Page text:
The legendary tale of Yasuke, who holds the distinction of being the first known foreign samurai in Japan, is a fascinating one.

Yasuke found himself a witness to and a participant in some of the defining moments of Japanese history. Still, until now, the true story of the African samurai has been largely hidden.

Who Was Yasuke?

Like much of the west and Japan’s early understanding of it, Yasuke came to the Japanese archipelago on the ships of the Jesuit missionaries. The bodyguard from Africa first set foot on Japanese soil in 1579 during the tumultuous warring states period.

In time, Yasuke became the confidant of the ruthless warlord and future unifier Oda Nobunaga.

Yasuke In Popular Culture

The idea of the black samurai has always been an intriguing story and has been portrayed in anime, manger, and film, but many of the feats and stories are completely fictitious.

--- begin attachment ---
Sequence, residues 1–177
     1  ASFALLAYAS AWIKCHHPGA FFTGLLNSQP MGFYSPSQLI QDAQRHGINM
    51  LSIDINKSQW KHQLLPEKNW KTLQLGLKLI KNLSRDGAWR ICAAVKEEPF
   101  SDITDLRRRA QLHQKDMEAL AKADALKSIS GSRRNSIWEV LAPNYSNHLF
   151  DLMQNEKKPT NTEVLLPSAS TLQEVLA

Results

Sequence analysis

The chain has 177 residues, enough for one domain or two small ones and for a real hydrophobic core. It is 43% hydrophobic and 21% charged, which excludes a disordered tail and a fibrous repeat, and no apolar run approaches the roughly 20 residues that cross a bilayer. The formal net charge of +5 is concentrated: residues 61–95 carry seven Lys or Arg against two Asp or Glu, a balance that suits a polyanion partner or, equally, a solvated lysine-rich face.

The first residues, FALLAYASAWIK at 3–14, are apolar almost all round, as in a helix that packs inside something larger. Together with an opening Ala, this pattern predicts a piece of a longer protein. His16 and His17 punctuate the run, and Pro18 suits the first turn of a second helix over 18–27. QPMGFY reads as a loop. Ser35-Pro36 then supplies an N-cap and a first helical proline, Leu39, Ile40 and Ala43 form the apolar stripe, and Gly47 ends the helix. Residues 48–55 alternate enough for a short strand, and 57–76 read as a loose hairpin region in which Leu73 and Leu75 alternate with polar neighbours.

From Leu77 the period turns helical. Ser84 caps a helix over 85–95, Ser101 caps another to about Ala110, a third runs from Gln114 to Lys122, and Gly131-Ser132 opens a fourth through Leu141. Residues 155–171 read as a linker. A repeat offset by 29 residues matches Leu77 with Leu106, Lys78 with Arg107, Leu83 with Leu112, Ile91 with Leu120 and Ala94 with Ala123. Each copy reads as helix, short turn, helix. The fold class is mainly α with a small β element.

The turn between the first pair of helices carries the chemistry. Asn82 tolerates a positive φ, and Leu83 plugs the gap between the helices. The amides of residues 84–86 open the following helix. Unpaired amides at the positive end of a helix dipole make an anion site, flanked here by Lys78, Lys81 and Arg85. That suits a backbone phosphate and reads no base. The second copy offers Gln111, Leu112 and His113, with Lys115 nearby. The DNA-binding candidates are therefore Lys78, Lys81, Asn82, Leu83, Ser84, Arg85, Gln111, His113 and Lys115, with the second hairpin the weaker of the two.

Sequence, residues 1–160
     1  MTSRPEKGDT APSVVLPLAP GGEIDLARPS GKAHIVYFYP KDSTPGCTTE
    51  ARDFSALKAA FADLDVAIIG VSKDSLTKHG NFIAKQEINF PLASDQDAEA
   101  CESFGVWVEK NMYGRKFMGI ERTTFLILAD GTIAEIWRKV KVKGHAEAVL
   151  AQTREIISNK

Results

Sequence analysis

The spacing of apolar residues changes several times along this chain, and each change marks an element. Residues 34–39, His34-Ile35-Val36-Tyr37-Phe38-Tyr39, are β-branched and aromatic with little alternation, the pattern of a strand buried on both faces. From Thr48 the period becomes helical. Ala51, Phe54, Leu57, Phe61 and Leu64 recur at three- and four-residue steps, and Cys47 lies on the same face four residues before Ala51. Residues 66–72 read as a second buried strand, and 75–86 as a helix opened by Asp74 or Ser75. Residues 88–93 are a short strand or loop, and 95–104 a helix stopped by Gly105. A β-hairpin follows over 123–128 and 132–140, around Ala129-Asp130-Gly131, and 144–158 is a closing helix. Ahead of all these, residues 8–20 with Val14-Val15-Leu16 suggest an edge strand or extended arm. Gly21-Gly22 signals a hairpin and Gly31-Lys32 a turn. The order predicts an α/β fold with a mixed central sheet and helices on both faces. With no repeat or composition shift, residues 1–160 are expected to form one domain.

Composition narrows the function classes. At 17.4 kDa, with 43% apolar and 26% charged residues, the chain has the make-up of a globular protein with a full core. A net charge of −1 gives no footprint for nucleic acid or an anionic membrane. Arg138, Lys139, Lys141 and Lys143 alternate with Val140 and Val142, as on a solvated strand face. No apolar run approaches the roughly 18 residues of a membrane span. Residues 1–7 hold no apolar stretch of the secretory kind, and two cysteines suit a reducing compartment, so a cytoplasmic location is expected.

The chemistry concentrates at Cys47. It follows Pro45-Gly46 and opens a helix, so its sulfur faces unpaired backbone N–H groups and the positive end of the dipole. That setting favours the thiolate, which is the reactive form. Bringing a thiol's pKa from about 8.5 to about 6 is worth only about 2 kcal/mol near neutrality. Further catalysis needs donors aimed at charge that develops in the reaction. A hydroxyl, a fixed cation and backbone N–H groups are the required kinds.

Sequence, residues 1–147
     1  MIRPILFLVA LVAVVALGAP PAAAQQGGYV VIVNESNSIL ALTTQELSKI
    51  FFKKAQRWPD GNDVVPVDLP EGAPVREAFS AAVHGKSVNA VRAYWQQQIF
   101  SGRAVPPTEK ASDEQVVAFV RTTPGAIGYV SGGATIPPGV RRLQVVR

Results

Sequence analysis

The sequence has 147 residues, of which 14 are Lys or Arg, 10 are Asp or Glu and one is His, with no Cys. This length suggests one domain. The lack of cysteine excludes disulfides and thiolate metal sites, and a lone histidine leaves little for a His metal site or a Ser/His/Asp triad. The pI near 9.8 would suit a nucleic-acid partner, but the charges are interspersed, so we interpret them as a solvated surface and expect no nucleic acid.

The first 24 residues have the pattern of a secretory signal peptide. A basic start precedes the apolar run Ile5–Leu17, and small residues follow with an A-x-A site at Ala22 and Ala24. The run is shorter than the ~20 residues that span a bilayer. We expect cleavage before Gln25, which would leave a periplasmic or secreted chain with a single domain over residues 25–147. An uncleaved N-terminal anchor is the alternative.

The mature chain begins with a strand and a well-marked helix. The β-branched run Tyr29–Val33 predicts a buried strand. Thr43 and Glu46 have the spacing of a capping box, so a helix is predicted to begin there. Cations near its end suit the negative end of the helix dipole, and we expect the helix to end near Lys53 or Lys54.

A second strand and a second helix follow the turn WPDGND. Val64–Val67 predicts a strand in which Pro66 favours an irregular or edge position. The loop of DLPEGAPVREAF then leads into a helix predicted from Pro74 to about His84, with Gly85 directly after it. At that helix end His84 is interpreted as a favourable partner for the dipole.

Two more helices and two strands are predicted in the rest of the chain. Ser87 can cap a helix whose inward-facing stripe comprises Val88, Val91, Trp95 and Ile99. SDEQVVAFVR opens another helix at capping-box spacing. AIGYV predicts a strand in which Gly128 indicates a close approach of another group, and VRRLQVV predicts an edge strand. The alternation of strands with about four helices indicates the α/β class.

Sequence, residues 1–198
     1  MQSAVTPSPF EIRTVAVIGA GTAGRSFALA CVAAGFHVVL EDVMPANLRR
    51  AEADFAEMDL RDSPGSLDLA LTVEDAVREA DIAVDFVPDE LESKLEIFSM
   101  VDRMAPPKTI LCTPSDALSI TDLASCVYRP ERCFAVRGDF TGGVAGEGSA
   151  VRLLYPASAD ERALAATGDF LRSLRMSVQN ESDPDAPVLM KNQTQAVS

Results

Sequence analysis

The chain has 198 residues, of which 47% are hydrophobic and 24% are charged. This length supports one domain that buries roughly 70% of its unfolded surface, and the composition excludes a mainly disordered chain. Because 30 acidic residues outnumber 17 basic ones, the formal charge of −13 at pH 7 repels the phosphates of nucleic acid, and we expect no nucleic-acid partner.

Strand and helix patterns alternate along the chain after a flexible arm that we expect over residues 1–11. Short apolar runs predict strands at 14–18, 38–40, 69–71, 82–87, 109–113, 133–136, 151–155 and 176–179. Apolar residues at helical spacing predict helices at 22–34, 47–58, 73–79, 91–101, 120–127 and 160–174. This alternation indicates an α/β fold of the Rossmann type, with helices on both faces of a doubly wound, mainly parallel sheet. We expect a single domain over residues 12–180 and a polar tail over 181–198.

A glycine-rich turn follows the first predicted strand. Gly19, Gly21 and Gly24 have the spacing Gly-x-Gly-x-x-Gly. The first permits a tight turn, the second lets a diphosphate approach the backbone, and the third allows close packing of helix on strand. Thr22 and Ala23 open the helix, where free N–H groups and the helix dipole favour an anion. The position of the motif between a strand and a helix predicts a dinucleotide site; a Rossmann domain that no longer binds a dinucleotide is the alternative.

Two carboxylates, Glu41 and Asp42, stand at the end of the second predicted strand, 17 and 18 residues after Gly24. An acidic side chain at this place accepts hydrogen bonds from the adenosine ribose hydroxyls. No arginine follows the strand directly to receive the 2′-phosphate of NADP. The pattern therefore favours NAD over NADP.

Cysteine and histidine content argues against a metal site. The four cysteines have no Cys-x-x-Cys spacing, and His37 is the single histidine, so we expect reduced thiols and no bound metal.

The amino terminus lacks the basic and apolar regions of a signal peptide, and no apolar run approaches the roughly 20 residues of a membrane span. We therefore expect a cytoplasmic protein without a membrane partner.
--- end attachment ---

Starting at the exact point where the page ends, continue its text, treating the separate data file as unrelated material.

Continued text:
The adage that the truth is often stranger than fiction also rings true in the live of Yasuke, the African samurai.

Where Was Yasuke, The African Samurai From?

The belief at the time was that Yasuke was born in what is now South Sudan. He was said to be from the Dinka tribe.

In childhood, he was enslaved and shipped to India and found himself in the service of the Italian Jesuit Alessandro Valignano as a personal bodyguard. At the time, Valignano was in charge of missionizing and spreading catholicism to the eastern lands, with Japan being very high up on his “to convert” List.


When Did Yasuke Arrive In Japan?